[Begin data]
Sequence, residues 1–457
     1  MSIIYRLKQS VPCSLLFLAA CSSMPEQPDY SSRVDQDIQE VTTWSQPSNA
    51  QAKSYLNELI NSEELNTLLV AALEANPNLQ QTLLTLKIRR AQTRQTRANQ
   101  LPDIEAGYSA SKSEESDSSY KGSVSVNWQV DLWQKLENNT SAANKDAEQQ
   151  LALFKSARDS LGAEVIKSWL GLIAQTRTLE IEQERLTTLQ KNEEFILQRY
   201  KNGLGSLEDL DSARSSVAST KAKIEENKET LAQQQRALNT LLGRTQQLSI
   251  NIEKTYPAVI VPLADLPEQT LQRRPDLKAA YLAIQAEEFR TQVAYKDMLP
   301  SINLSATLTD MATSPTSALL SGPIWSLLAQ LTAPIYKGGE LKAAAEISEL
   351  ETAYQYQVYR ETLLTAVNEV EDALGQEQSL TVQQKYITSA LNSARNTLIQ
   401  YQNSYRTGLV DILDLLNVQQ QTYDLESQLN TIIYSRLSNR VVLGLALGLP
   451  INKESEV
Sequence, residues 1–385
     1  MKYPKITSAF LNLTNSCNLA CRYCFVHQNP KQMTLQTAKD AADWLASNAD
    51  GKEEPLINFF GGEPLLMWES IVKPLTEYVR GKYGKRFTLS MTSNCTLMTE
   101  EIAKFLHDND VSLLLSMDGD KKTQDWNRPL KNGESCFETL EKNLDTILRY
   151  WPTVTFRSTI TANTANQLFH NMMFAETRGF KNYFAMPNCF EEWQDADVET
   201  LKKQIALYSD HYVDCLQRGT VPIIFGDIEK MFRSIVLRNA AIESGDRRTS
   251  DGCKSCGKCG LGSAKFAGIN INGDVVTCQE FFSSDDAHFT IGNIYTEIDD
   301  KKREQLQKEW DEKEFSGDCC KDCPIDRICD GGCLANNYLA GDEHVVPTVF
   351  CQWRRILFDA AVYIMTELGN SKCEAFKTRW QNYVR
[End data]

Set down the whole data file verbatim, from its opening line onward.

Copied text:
Sequence, residues 1–457
     1  MSIIYRLKQS VPCSLLFLAA CSSMPEQPDY SSRVDQDIQE VTTWSQPSNA
    51  QAKSYLNELI NSEELNTLLV AALEANPNLQ QTLLTLKIRR AQTRQTRANQ
   101  LPDIEAGYSA SKSEESDSSY KGSVSVNWQV DLWQKLENNT SAANKDAEQQ
   151  LALFKSARDS LGAEVIKSWL GLIAQTRTLE IEQERLTTLQ KNEEFILQRY
   201  KNGLGSLEDL DSARSSVAST KAKIEENKET LAQQQRALNT LLGRTQQLSI
   251  NIEKTYPAVI VPLADLPEQT LQRRPDLKAA YLAIQAEEFR TQVAYKDMLP
   301  SINLSATLTD MATSPTSALL SGPIWSLLAQ LTAPIYKGGE LKAAAEISEL
   351  ETAYQYQVYR ETLLTAVNEV EDALGQEQSL TVQQKYITSA LNSARNTLIQ
   401  YQNSYRTGLV DILDLLNVQQ QTYDLESQLN TIIYSRLSNR VVLGLALGLP
   451  INKESEV
Sequence, residues 1–385
     1  MKYPKITSAF LNLTNSCNLA CRYCFVHQNP KQMTLQTAKD AADWLASNAD
    51  GKEEPLINFF GGEPLLMWES IVKPLTEYVR GKYGKRFTLS MTSNCTLMTE
   101  EIAKFLHDND VSLLLSMDGD KKTQDWNRPL KNGESCFETL EKNLDTILRY
   151  WPTVTFRSTI TANTANQLFH NMMFAETRGF KNYFAMPNCF EEWQDADVET
   201  LKKQIALYSD HYVDCLQRGT VPIIFGDIEK MFRSIVLRNA AIESGDRRTS
   251  DGCKSCGKCG LGSAKFAGIN INGDVVTCQE FFSSDDAHFT IGNIYTEIDD
   301  KKREQLQKEW DEKEFSGDCC KDCPIDRICD GGCLANNYLA GDEHVVPTVF
   351  CQWRRILFDA AVYIMTELGN SKCEAFKTRW QNYVR